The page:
Also - projecting from that kind of angle will limit your screen choices. You probably wouldn't want to get a Firehawk in this case as you'll lose a lot of brightness.


Chris
 

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JMPyle, How about either a short or long throw projector? You could ceiling mount something like a Marantz in front of the fan or a Sharp or JVC DILA behind the fan. Or go with a rear projection setup bouncing the image off a mirror. If you really NEED horizontal keystoning, the Sharp Z90 (not the Z9000) supposedly does a really good job at horizontal keystoning.
 

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Don't believe the hyperbole that the digital keystoning has to ruin the image. I bought into this belief until I actually tried it for myself on my NEC HT1000. The truth is that it's very hard to detect on moving video - even HiDef. Of course the ideal situation is to avoid it. But if this isn't possible then digital keystone correction is a viable alternative. I can't speak for other projectors but the NEC HT1000 has both horizontal and vertical keystoning and it does a superb job of it.


-Dylan
 

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Discussion Starter · #11 ·
I can't do rear projection due to screen location or long throw, which would still have issues with the ceiling fan. Realistically, I cannot do a ceiling mount. Landlord won't let me mount it to the ceiling. A short throw would be a good option if I could table mount it...any thoughts?
 

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Chris Sander


You state:

"I am losing about 20 lines or vertical resolution, but like I said, I can't tell the difference. "


Do you mean that the keystone correction reduces the vertical height of the image? Doesn't this change your aspect ratio or does the correction also change horizontal resolution by an equal amount?


Thanks

Bob
 

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In order for keystone correction to work, you have to give up some horizontal lines of resolution. The reason for this might not be completely obvious at first, but it will be when you try it out. I'll try to explain. If you are tilting the projector downward, keystone correction has to reduce the width of the bottom of the picture by chopping off some pixels on each side in order to correct the geometry. Now that you have that done, you'll have to zoom the projector in a bit more so that the width of the screen is again filled from top to bottom. Some of the pixels are now displaying off the screen, but these are the ones darkened by the correction. Now if keystone correction didn't reduce the number of horizontal lines, some of the picture would be displaying off the bottom (or top) of the screen.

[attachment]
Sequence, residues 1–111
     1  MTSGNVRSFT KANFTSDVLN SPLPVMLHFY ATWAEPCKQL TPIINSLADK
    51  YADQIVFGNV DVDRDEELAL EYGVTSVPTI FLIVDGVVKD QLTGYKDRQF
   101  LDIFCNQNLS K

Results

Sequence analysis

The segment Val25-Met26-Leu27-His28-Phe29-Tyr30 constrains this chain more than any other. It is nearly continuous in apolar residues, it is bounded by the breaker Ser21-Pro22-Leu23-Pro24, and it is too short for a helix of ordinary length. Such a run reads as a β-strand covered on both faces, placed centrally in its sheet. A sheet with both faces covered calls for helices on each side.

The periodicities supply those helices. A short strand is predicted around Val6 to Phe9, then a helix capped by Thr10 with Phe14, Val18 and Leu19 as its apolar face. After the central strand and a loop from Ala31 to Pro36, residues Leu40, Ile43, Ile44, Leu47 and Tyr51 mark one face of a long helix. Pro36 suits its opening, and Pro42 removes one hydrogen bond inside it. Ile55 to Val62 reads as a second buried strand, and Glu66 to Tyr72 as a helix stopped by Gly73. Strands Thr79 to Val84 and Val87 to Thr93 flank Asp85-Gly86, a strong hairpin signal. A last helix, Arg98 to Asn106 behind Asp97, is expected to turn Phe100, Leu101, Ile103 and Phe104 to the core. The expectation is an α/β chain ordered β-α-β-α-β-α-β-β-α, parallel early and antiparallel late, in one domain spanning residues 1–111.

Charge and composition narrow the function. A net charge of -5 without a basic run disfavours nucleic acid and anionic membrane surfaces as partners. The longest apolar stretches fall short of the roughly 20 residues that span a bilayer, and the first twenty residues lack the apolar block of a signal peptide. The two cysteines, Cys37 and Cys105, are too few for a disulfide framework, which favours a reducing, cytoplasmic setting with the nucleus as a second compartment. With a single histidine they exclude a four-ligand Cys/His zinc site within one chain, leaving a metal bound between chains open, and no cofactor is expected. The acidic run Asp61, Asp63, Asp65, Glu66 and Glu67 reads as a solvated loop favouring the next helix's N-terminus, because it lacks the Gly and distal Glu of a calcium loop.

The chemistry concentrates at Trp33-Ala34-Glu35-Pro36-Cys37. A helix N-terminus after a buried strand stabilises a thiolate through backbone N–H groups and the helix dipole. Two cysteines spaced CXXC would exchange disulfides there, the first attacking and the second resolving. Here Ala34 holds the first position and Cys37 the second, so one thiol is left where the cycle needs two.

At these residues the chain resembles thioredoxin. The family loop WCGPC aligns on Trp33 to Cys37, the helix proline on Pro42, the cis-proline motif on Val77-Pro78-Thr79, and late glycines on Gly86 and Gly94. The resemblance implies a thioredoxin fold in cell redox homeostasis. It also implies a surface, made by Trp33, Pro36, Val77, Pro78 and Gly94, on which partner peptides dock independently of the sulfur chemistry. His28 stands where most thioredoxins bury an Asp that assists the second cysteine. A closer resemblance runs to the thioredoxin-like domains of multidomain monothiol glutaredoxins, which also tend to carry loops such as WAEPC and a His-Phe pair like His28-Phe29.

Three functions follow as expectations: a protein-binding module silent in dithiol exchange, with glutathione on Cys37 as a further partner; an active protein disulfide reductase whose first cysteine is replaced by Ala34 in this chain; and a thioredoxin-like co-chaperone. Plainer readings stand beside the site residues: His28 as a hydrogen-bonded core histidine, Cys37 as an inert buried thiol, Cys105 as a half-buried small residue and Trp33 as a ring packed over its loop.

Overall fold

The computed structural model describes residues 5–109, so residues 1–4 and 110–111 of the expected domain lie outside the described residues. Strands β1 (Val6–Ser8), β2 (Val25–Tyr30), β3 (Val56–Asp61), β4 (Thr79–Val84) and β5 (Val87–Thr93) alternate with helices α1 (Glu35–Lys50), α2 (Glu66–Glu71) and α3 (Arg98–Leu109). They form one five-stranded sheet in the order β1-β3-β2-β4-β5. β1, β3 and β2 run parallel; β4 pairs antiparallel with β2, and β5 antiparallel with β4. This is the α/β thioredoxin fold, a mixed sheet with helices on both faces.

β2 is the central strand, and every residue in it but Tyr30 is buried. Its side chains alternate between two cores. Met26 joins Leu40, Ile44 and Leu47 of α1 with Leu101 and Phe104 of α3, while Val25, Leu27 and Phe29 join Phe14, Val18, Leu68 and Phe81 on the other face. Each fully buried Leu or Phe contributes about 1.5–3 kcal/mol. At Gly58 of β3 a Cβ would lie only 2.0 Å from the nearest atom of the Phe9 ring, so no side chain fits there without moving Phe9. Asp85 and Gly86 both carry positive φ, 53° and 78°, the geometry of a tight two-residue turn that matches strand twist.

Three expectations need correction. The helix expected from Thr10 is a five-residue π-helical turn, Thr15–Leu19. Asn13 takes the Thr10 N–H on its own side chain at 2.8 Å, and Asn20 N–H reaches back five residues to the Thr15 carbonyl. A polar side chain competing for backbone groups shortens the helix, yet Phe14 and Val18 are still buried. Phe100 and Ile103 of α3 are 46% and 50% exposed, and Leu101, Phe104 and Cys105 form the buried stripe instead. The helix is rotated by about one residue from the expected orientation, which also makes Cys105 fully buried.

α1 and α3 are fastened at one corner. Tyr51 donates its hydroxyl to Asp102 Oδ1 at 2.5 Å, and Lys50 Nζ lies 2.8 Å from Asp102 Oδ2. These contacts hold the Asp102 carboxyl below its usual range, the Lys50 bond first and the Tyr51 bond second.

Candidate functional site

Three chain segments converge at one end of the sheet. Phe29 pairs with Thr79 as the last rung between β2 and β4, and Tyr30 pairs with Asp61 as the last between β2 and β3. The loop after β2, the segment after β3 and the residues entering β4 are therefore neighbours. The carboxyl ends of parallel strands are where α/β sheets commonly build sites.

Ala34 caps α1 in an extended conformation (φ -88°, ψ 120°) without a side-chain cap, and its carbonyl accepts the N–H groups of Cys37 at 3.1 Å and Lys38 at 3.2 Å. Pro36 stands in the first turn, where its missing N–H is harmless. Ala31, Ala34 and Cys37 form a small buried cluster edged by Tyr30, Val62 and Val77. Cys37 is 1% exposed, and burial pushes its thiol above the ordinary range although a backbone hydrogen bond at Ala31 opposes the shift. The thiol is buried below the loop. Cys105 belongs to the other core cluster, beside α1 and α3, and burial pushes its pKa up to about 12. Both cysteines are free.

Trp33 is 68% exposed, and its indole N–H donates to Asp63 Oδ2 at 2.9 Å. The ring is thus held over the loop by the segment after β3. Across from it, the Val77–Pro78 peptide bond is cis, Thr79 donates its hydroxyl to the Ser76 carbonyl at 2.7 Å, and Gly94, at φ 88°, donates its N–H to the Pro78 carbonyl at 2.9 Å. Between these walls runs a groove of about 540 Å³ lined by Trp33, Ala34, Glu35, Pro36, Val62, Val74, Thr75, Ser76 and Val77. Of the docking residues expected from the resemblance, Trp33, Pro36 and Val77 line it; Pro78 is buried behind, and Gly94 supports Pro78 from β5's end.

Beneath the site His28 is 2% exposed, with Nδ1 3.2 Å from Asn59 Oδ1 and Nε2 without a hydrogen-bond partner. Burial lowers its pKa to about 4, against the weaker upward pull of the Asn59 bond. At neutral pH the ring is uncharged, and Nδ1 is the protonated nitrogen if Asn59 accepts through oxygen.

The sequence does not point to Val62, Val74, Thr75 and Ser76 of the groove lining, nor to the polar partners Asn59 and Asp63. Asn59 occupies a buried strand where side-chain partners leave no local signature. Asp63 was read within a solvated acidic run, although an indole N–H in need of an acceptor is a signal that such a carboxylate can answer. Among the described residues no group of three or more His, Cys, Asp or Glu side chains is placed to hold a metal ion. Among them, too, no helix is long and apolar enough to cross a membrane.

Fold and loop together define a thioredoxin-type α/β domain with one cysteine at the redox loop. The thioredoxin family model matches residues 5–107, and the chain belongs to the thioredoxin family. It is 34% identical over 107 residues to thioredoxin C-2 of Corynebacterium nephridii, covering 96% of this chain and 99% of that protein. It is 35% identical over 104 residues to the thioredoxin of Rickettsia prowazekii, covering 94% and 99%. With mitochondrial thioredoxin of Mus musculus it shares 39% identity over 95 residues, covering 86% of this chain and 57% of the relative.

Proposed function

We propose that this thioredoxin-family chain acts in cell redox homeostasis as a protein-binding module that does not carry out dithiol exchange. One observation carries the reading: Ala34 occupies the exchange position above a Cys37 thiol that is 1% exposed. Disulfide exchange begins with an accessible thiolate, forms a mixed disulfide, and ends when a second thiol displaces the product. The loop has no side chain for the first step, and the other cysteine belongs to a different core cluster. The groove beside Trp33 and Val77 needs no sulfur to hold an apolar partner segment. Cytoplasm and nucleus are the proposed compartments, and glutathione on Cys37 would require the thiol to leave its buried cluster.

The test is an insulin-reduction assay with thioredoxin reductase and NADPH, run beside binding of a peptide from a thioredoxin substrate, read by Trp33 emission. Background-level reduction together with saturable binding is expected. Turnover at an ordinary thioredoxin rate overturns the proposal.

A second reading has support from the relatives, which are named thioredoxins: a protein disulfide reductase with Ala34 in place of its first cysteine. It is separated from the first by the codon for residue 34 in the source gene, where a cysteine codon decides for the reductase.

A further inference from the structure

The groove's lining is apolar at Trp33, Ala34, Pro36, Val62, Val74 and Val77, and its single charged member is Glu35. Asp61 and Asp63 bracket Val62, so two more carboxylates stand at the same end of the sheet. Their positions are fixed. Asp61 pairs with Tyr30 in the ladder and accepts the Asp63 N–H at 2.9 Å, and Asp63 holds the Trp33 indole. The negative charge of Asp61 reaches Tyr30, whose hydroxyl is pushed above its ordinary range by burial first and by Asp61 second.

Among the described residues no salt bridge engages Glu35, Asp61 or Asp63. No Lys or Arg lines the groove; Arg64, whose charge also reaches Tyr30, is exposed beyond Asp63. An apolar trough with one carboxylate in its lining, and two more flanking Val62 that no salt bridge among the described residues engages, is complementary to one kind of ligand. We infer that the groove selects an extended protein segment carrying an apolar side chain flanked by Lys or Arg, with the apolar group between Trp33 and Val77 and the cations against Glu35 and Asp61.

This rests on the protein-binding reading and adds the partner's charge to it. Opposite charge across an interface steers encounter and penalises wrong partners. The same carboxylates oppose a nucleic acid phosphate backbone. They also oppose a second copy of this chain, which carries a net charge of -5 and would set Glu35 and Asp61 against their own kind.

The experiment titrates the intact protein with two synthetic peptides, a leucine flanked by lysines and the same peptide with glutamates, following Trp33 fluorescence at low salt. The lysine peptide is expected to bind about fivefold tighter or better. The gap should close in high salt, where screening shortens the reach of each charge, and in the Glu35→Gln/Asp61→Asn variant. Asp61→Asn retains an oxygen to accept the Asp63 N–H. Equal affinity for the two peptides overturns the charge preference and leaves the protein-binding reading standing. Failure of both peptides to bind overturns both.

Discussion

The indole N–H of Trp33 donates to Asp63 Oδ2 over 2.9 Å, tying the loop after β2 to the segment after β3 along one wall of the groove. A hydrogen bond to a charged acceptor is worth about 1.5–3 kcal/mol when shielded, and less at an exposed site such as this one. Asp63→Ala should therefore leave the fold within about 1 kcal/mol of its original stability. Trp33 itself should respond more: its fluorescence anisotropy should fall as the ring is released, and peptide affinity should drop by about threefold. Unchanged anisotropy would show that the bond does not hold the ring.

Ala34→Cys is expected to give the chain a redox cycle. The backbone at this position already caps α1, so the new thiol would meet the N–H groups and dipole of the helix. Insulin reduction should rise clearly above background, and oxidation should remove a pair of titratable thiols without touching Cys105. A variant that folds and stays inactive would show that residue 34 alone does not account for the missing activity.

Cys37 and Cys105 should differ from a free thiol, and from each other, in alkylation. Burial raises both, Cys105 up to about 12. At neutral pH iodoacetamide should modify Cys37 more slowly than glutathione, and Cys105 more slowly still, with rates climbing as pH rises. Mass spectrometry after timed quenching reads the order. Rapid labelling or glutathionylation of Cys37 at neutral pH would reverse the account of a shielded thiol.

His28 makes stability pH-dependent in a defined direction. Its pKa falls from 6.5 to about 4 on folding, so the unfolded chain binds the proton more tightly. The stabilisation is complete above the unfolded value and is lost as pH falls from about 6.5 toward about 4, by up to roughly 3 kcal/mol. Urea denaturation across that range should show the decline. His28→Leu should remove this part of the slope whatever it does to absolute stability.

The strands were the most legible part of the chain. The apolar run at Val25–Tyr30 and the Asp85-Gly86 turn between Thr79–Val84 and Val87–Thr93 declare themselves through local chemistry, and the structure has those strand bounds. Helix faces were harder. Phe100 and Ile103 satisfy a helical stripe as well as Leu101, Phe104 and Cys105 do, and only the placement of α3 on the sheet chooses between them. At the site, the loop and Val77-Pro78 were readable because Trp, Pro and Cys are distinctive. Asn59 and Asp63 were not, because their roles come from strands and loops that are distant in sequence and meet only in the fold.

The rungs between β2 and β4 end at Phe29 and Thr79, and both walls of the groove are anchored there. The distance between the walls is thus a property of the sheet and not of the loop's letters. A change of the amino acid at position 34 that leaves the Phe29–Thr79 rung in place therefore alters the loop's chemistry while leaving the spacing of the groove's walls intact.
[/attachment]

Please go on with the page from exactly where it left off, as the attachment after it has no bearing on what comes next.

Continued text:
So keystone correction shortens some of the horizontal lines (to fix the geometry), and chops off some of the other horizontal lines (to preserve the aspect ratio). I think you lose more pixels to the aspect ratio part of keystone correction than you do to the geometry part of it.


Chris
 

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Chris


"So keystone correction shortens some of the horizontal lines (to fix the geometry), and chops off some of the other horizontal lines (to preserve the aspect ratio). I think you lose more pixels to the aspect ratio part of keystone correction than you do to the geometry part of it. "


Now I see how this affects resolution as such. The image actually would not change as you can use the zoom to get the image size back to original as aspect ratio is preserved. I suppose less resolution is why there is a "softer" picture as stated on a number of posts on keystone correction.


Thanks for answering my question.


Bob